Post of the Day
February 12, 1998
From our AOL
Subject: SyQuest is worthy of an appearance...
... aside from a brief comment on the lawsuit (thanks for the nice words Turk) and a question to the incomprehensible Cliff Snyder, I've been gone from these boards for a couple of weeks....
I make an appearance to comment on this quarter's SyQuest release and what it means to Iomega.
Many of you know that I believe the continued presence of lower-priced SyQuest products in the market hurts Iomega sales, mostly of the Jaz drive. The fact that SyQuest is a money-losing outfit doesn't prevent it from making those sales, however.
This first fiscal 1998 quarter, however, does suggest that the new SyQuest is still very far from having developed a sustainable business model. Were it not for the fact there are a lot of warrants outstanding with which SyQuest can raise cash, there would again be a question as to whether the company would survive the next quarter or two (I think there are enough warrants that $120 million can be raised even here if SyQuest can induce the warrantholders to exercise; that may be tricky but they have done it so far when the financial condition was arguably far, far worse).
SyQuest saw revenues rise from $25.9 million in Q4 to $32.1 million in Q1. This increase was somewhere near 24%, which is a healthy rise. Already, it has been noted this rise is not as healthy as Iomega's quarter-over-quarter revenue growth, which I believe was 27%. This lack of better-than-Iomega growth rates is certainly disappointing for SyQuest, especially because Iomega appears to have retarded its own growth due to failure to ship products.
Much more disappointing, however, is the tremendously negative gross margin percentage of -25%. Q1 of FY98 was marked by some signifcant events at SyQuest. It appears that limited production capacity has caused the company to essentially discontinue its older 44/88/200 line, which despite miniscule sales was almost certainly contributing much to margins (I say this with affirmativeness only in hindsight). For reasons beyond comprehension, the company still appears to have been building the EZFlyer (filling backorders they could've unilaterally canceled?) which is now doubtless a money loser due to price cuts without cost savings.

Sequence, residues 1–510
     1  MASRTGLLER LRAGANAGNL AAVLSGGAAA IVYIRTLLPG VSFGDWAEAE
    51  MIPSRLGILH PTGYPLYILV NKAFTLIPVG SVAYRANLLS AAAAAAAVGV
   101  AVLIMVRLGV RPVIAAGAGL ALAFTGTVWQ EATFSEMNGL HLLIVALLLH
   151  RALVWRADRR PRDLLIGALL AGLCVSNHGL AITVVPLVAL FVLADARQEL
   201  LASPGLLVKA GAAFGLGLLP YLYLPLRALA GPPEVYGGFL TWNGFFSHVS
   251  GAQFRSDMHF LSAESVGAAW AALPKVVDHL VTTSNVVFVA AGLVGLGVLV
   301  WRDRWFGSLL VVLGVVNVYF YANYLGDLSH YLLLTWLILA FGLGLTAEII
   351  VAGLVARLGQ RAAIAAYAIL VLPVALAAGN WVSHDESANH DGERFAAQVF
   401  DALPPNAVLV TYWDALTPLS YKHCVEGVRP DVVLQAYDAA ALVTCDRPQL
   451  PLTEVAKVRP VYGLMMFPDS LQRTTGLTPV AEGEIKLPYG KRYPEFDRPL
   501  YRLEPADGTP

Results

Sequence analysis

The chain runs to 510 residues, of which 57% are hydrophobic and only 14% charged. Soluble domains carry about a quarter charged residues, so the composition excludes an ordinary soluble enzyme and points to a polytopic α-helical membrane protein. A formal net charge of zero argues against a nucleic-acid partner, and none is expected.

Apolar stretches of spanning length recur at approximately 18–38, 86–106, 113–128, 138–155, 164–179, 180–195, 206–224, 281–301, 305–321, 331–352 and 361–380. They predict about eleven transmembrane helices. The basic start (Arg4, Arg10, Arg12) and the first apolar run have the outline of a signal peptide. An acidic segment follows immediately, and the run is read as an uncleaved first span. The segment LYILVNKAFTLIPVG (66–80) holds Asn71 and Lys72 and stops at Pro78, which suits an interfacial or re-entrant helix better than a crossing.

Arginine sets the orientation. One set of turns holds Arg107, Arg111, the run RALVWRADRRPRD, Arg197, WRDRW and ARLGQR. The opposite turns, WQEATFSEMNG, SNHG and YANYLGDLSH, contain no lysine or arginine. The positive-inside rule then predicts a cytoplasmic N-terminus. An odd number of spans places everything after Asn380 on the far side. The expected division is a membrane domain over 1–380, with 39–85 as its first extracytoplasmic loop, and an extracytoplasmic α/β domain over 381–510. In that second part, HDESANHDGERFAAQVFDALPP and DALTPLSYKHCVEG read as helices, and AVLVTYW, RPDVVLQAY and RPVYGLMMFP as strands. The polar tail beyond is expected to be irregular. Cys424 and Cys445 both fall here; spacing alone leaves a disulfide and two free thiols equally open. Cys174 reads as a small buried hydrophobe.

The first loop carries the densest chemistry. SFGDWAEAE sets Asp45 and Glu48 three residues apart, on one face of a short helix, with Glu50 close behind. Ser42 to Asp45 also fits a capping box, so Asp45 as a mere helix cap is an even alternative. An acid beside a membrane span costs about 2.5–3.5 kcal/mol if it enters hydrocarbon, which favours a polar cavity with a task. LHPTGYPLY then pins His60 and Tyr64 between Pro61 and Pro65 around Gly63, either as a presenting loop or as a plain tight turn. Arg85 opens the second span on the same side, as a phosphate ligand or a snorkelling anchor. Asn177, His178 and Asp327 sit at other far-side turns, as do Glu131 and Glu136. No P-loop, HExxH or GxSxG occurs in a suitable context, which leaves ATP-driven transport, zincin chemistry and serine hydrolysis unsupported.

But the scary thing is that in total, the gross margin percentage fell from a miniscue positive in Q4 to a huge negative. This despite what the company calls "a successful product launch of our exciting new SparQ drive, as well as strengthened sales of the SyJet."
Revenue for the compay has been split lately, about 50-50 with drives and cartridges. All totaled, the company probably shipped fewer than 100,000 drives (if the average wholesale price was $160, this would be 100K drives at 50% of revenues... I suspect the mix toward SyJet makes the average wholesale higher), a total that is probably well below total Jaz shipments for the quarter -- a bad quarter for Jaz, to be sure. It is dwarfed, obviously, by the 3 million Zips shipped in the quarter, but that's somewhat immaterial. Those drives, if it was 100K total, cost well over $200 each to build, but sold for about $160. Remember, we know they make money on the cartridges, so the drives gross margins are so negative they are wiping out all the gains from cartridge sales!
Now, some might say this is just the ramp up and volumes will bail out SyQuest. But the evidence is shaky on that. You do not, as the old saw goes, lose money on every sale but make up for it in volume. You do not sell more cartridges than people need just because they are relatively cheap. In other words, SparQ owners aren't gonna buy 10 gigs worth of carts if they only need 2, despite the low price. I would guess that if revenue doubled in Q2 for SyQuest, margins would still be negative based on this performance. It appears, for example, that SparQ costs more to make than they sell it for. In the SparQ-free Q4, gross margins were positive. SparQ, ironically, didn't need to be sold so cheaply to make its presence felt, in my opinion. Jaz externals are twice the price of SparQ externals; surely there was room for a price gap of less than 50%?